African American Artists during the Twentieth Century
Beauford Delaney, Can Fire in the Park (1946). Courtesy of Smithsonian American Art Museum, Washington, D.C. / Art Resource, NY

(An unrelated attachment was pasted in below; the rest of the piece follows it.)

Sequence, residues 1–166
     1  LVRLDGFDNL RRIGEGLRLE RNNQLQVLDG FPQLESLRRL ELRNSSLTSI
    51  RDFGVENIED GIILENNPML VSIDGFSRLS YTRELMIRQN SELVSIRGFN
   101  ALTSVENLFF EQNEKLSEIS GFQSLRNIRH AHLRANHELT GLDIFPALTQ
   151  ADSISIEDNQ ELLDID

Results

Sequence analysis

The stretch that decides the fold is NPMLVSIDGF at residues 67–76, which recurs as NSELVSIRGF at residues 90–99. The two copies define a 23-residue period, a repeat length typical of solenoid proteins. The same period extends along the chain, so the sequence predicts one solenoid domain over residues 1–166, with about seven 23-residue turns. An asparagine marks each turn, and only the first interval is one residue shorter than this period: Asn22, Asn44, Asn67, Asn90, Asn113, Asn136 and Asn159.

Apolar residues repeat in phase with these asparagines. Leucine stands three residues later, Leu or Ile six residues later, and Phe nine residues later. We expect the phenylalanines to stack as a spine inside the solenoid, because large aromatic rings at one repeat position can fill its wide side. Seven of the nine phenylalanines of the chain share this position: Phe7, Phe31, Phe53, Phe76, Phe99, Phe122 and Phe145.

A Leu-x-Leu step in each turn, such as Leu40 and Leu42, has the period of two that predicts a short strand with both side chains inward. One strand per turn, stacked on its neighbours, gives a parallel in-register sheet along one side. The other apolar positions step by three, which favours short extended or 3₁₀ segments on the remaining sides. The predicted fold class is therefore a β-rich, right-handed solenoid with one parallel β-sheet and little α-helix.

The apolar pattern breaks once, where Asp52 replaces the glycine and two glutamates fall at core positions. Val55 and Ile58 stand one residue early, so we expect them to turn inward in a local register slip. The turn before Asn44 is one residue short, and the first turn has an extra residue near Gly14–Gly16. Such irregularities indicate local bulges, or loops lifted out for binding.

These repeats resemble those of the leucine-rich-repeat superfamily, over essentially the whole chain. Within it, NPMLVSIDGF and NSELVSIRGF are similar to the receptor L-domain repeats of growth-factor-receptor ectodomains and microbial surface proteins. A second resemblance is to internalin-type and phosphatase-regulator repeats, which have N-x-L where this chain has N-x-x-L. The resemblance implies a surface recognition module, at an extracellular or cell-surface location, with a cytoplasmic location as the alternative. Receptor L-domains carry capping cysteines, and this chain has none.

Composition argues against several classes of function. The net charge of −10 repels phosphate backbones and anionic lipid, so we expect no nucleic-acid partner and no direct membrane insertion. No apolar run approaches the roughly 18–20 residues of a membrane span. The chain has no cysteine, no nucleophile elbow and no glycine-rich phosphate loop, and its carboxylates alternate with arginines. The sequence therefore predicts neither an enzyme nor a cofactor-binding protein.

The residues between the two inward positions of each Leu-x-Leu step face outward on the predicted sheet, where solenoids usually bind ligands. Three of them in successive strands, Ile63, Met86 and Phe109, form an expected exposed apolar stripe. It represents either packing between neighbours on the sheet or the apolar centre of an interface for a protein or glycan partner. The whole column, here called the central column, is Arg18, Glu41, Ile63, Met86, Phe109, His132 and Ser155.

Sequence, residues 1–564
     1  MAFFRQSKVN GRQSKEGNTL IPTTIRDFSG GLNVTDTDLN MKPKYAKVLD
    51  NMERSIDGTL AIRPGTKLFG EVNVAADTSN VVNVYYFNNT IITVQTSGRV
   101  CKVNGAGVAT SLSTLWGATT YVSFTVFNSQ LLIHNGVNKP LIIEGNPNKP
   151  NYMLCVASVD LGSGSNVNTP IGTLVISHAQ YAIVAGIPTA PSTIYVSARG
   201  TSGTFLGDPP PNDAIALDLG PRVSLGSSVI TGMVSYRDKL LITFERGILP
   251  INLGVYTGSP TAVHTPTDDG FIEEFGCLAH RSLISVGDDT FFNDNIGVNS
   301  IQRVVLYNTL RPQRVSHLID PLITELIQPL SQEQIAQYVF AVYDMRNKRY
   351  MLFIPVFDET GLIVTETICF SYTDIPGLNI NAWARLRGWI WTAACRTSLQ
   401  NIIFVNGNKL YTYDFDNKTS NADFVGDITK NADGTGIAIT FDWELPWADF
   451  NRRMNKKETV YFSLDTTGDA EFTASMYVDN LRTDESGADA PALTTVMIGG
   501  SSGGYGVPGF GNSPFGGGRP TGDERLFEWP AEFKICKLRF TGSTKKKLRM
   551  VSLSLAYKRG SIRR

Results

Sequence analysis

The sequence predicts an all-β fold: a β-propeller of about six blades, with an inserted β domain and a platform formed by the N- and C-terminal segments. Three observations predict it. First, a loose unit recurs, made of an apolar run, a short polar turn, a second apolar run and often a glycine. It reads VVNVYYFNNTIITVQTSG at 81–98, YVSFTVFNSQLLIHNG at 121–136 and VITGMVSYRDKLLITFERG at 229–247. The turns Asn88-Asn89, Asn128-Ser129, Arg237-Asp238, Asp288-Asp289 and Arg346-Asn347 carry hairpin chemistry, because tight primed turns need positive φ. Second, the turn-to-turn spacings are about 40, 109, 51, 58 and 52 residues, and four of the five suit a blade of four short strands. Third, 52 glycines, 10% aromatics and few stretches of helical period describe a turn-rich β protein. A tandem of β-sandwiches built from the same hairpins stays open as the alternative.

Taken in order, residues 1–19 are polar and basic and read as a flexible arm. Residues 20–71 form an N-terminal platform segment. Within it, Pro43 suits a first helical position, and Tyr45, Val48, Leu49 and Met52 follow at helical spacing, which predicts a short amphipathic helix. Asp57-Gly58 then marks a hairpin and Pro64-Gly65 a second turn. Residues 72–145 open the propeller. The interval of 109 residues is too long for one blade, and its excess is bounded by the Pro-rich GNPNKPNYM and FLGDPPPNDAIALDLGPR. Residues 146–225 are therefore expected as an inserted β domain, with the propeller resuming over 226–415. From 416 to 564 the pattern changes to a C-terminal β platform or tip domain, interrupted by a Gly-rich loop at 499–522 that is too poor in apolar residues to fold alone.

The city of New York provided rich subject matter for African American artists working in the middle of the twentieth century. Artists who came to the area during and after the period of the Harlem Renaissance found a vibrant community of artists working both uptown in Harlem and downtown in the East Village. When Beauford Delaney settled in New York in the late 1930s he quickly became a part of the interracial bohemian lifestyle that was characteristic of other New York School artists like Jackson Pollock and Willem deKooning. He and his younger brother Joseph Delaney, who would also become a well-known painter, often chose gritty urban subjects like that seen in Can Fire in the Park—themes that recognized the economic difficulties faced by some in post-World War II America using an expressionistic visual language of bright colors and vibrant line.